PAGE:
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Old 08-16-2019, 10:37 AM   #1
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Default CALL TO ACTION! - Merrymeeting Fish Hatchery Discharge Permit

Merrymeeting Lake outlets into Merrymeeting River which flows through New Durham into Lake Winnipesaukee at Alton Bay. In 2017, the Powder Mill State Fish Hatchery (PMSFH) was known to be a source of phosphorus pollution. Merrymeeting Lake provides the PMSFH with 7 million gallons of fresh water per day. The water leaving Merrymeeting Lake has an average phosphorus concentration of 5 µg/L while the PMSFH withdraws and discharges a near-constant water load containing phosphorus levels approximately 12 times higher than the outflow concentration from Merrymeeting Lake. PMSFH has been operating on an expired USEPA discharge permit since 2016 and NH Fish & Game has requested a new discharge permit. The EPA has given October 1 as their estimated time to publish a draft permit in the Federal Register.

To read more and how you can help, click http://www.winnipesaukee.org/2019/08...charge-permit/!
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Old 08-16-2019, 11:34 AM   #2
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Is there a reason why the fish hatchery is expelling such a high concentration of phosphorus? Is this common place for all fish hatcheries or just PMSFH? If the state is engaged in doing something that increases this output it seems to me this is a concern for ALL hatcheries and anything downstream from them.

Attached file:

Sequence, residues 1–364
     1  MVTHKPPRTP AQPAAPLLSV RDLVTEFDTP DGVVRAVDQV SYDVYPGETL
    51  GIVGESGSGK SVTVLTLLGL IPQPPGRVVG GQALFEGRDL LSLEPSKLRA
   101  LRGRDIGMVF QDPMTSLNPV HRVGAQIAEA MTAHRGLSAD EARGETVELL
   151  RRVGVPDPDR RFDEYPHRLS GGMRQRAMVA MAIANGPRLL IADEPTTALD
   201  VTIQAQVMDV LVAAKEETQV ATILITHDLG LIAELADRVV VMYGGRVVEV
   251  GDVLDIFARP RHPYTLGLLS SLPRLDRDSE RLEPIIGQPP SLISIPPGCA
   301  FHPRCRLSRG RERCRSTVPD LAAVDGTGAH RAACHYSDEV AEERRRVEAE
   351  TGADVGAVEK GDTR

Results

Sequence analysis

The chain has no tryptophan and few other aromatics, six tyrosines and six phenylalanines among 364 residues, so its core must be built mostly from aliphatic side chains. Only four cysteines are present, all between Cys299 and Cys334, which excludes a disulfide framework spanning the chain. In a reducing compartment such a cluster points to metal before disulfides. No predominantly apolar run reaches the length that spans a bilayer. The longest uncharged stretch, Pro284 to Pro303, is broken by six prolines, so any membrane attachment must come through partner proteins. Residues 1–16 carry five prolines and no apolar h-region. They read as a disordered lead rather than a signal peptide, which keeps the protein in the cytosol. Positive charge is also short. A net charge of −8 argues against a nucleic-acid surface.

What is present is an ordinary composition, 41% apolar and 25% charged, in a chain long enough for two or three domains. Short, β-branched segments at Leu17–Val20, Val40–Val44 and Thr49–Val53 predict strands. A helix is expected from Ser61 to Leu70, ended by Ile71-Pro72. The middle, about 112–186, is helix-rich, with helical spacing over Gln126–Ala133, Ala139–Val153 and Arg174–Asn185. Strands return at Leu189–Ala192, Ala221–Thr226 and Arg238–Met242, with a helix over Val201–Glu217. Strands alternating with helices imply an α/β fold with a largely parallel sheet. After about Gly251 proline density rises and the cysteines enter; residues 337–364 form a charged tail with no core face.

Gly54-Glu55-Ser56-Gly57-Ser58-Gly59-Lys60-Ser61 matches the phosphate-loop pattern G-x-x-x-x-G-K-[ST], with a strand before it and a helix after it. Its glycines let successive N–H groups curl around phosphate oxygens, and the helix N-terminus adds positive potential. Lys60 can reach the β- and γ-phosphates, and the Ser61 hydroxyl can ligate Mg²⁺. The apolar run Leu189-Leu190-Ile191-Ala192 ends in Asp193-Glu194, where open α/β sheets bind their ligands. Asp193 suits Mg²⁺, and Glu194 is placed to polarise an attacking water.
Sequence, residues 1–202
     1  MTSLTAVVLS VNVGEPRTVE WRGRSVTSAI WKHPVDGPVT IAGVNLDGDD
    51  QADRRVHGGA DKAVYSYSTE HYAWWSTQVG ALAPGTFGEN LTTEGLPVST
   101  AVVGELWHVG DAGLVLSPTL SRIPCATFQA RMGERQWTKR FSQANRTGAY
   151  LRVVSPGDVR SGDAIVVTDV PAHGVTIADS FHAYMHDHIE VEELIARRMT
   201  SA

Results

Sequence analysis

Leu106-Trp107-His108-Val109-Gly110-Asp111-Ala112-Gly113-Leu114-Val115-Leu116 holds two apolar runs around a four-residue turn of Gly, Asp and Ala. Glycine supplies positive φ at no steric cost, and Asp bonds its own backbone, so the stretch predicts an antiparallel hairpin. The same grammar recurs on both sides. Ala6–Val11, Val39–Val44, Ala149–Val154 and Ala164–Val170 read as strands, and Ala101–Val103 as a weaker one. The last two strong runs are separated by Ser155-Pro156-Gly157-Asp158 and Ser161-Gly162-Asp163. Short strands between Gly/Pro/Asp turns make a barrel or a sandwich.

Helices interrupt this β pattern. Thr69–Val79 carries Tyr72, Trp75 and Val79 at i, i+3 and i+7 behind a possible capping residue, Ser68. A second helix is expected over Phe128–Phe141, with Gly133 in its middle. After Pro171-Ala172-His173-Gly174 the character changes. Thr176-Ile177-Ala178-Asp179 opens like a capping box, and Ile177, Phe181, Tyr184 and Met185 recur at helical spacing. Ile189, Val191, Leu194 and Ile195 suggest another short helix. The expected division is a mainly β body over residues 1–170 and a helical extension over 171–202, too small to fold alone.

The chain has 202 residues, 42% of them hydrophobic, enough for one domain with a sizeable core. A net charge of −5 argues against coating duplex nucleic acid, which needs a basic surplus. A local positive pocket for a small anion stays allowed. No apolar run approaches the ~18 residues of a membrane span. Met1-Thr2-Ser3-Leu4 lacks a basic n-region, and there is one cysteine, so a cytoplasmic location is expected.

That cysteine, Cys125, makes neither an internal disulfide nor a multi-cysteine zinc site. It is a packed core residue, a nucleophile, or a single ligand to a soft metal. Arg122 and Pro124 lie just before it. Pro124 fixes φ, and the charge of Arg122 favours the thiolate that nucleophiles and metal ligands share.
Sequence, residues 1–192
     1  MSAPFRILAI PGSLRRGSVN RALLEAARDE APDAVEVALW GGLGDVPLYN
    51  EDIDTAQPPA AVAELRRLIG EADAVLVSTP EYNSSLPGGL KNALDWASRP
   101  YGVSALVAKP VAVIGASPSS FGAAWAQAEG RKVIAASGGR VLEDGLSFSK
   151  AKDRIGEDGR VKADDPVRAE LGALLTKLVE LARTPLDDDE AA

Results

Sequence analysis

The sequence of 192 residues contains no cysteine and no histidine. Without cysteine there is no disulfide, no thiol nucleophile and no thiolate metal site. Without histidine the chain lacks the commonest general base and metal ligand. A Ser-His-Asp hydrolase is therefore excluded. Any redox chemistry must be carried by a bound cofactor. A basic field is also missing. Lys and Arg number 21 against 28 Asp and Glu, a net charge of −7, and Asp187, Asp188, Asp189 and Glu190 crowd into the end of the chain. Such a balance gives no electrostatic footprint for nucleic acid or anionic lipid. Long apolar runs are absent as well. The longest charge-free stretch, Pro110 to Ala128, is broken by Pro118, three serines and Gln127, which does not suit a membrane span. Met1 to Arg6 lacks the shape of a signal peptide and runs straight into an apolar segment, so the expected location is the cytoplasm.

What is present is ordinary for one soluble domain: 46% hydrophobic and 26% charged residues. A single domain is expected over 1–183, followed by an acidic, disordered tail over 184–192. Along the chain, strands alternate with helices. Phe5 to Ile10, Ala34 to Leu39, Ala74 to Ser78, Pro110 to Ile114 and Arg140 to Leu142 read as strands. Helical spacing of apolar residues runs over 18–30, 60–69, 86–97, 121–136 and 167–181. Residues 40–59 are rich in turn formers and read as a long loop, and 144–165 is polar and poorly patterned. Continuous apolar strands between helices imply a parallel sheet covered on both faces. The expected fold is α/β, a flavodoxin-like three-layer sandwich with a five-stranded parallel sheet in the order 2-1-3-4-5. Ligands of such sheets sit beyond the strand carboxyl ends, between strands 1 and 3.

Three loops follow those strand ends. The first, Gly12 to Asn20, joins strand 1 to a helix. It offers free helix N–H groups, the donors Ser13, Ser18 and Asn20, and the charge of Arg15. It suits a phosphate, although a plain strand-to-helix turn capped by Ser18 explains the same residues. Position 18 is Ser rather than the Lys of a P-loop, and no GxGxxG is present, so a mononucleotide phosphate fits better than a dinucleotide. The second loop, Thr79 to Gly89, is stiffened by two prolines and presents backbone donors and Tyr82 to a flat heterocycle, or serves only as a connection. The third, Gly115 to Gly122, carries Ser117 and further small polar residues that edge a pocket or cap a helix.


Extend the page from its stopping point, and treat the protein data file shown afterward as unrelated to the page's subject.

That doesn't seem to be mentioned in this writeup.
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Old 08-16-2019, 02:28 PM   #3
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Yes, this is an issue for all fish hatcheries. The output is a combination of uneaten food and eaten food coming out the other end of the fish. If this were a private business, they would have been shut down long ago.

Do a web search on "fish hatchery pollution" and you will find many examples in NH and around the country of the issue. Other than shuttering the facility, the solution is to build what is effectively a very expensive, waste water treatment facility, something that F&G and the state have been trying to avoid due to budget pressures. In the end, the taxpayers and sporting community will need to bear the cost of the facility.

FYI: The Powder Mill hatchery is the largest one in the state.